It’s been 30 years since National Lampoon’s Christmas Vacation was first released, in the time since quickly solidifying itself in the film world as the epitome of all things festive.
With intense family spats, aggravated neighbours and the threat of financial ruin, there truly is something for everyone in the John Hughes-scripted film. So join us as we delve into the reasons why National Lampoon’s Christmas Vacation is the best Christmas movie of all time.
10. It is an actual Christmas film
Unlike so many ‘Christmas’ films, the plot of National Lampoon’s Christmas Vacation actually centres around Christmas. Take note Die Hard: merely setting your film around Christmas time does not constitute a Christmas film.
The plot of Christmas Vacation would just not make sense if it was set at any other time of the year. There would be no spat with the neighbours over Christmas lights; there would be no promise of a Christmas bonus; there would be no inundation of extended family. Christmas is an essential component of this Christmas classic.
9. It’s relatable
Have you ever been accosted by a group of murderous gremlins in your own home? Us neither. But we’re betting the likelihood of you having been burdened with an influx of elderly visitors and a ‘funny’ uncle (everyone has one) is far higher.
Christmas Vacation is great in part because it’s so relatable. Whether it’s neighbourly disputes, Christmas tree struggles or just plain old poverty, National Lampoon has got you covered.
8. Chevy Chase
Enough said. Chase’s Clark Griswold is the embodiment of us all at Christmas – desperately hoping for the winter wonderland of our dreams, only to be met with the harsh realities of real life. It’s almost like the universe just doesn’t understand the true meaning of the festive spirit.
As usual, Chase pulls his lines off with impeccable comedic timing. Chase built a career around the National Lampoon franchise, and whilst these days his acting gigs have largely dried up, he truly made the festive season complete for all of us 80s kids.
7. It shows the true meaning of Christmas
Clark Griswold may have been searching for the perfect family Christmas, but he was certainly no fool. He has the patience of a saint with his manic family, but eventually ‘snaps’, proving that even the least cynical holiday enthusiasts can and will crack under the pressure of providing the children with the ‘perfect’ Christmas.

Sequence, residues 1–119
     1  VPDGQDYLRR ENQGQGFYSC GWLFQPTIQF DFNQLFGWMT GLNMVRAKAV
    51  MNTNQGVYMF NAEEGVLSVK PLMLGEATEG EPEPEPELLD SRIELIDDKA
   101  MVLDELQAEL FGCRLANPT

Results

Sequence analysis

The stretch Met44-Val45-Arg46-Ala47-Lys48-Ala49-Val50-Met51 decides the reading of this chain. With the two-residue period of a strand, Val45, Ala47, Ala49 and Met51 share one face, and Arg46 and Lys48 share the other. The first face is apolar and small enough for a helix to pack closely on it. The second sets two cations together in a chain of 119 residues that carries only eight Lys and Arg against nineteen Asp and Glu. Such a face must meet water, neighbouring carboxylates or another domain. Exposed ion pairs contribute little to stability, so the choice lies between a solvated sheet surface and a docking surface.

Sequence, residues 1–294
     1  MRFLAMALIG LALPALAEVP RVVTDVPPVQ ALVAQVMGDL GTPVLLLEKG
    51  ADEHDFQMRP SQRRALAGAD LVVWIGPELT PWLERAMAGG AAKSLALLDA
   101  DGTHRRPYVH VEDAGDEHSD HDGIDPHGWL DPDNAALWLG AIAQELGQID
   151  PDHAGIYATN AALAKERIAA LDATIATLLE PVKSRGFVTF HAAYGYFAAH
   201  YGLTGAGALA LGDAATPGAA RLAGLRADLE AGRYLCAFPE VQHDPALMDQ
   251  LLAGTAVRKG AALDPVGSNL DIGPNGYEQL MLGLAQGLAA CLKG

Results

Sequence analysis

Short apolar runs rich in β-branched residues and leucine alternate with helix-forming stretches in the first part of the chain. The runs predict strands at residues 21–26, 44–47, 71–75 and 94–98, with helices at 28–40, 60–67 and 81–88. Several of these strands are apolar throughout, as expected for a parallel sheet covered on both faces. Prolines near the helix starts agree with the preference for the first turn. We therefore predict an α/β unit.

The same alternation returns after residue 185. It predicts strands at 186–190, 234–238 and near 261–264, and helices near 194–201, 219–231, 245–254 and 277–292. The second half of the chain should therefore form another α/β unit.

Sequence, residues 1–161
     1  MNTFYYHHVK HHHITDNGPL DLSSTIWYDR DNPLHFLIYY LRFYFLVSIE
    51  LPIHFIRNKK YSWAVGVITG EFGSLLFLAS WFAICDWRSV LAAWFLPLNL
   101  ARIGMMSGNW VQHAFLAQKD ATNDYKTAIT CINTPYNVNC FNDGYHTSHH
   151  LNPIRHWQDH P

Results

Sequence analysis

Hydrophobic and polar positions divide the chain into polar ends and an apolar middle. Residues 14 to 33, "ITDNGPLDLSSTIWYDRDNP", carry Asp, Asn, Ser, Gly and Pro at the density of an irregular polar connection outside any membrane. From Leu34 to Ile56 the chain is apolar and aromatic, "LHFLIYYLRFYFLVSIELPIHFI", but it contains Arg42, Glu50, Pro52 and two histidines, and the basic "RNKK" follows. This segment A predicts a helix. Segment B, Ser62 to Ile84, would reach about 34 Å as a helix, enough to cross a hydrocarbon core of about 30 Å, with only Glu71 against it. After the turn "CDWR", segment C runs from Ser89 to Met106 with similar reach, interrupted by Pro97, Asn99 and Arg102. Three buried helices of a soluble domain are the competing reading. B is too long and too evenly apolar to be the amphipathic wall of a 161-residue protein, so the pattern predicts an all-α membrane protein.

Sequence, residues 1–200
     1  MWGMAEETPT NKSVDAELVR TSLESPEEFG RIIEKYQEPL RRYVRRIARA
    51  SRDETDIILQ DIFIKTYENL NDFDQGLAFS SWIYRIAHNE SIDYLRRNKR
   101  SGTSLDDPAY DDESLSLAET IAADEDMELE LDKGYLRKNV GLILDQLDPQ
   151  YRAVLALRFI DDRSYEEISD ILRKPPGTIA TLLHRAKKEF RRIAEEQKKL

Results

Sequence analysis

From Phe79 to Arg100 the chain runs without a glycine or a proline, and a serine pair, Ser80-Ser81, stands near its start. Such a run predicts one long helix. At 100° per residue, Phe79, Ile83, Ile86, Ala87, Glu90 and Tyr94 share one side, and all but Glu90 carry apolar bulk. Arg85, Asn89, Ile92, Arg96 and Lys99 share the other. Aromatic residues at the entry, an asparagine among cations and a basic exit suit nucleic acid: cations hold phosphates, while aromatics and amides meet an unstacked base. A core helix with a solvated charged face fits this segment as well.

Whilst other Christmas movies might rely on the audience’s Christmas spirit to carry them through, Christmas Vacation is realistic in its expectations of the festivities.
6. It has an unusual villain
You could argue that the ever arduous Cousin Eddie, or indeed Clark’s cheapskate boss, is Christmas Vacation’s villain. But although these two are indeed flawed, their intentions are largely without malice.
It could be said that the actual villain is in fact Christmas itself. It’s a day built around a religion seldom practiced by the majority, only serving to put strain on families and create an unrealistic sense of merriment, most of which will all come crashing down the minute you check your bank balance. Christmas Vacation boldly makes the festive season itself its antagonist.
5. It was written by John Hughes
For many of us, Hughes is the voice of the 80s. He’s the man behind classic movies such as Home Alone (and its first two sequels), The Breakfast Club and Planes, Trains and Automobiles. The National Lampoon movies, however, kick-started his career.
1989 was a relatively quiet year for Hughes, consisting of the release of just two films: Uncle Buck and, of course, National Lampoon’s Christmas Vacation. After the flop of National Lampoon’s European Vacation, Hughes came back with a vengeance: the film features a characteristically Hughesian mix of whacky humour and heartfelt drama.
4. It’s incredibly quotable
Thanks to John Hughes’ writing, the film features lines which are not only funny, but memorably witty. Chase, for one, delivers the lines in his deadpan style, letting the jokes speak for themselves.
Griswold was also not afraid of a little hyperbole, only adding to the comedic effect: ‘How could things get any worse? Take a look around here, Ellen. We’re at the threshold of hell.’ We’ve all been there at Christmas time.
3. Peak Juliette Lewis
Beginning an incredible run that took her from Cape Fear (1991) to From Dusk till Dawn (1996) via Natural Born Killers (1994) and Strange Days (1995), Juliette Lewis scored her first major supporting role as Audrey Griswold, Clark’s daughter, in Christmas Vacation.
You might have thought her stereotypical teenage attitude would detract from the Christmas spirit, but in fact it only adds to the film’s gritty realism (whilst also being hilarious). Audrey’s unreserved cynicism is the epitome of us all in our teenage years. Lines such as ‘Did you have to sleep with your brother? Do you know how sick and twisted that is, mom?’ only add to her charm.
2. The film coined a popular phrase
Christmas films come and go, but National Lampoon’s Christmas Vacation truly has stood the test of time. The film made such a cultural imprint, in fact, that it has entered the American vernacular.
The term ‘Griswold house’ is today a phrase used by people across the nation to describe a house that is decorated in a gaudy or tacky manner. Let’s face it, everyone has a Griswold house on their street (and if you don’t, then it’s probably you).
1. It puts us all in the Christmas spirit
Sure, it might not have the sickly sweet fairy tale ending that we see in many holiday classics, but the Griswolds do eventually learn the true meaning of Christmas in Christmas Vacation.
The Christmas decorations might not have made it past Christmas day, but the family did, and surely that’s all that matters? Santa may not have landed in his magical sleigh, and the Christmas star did in fact turn out to be a sewage plant, but Clark’s dedication to his family is undying.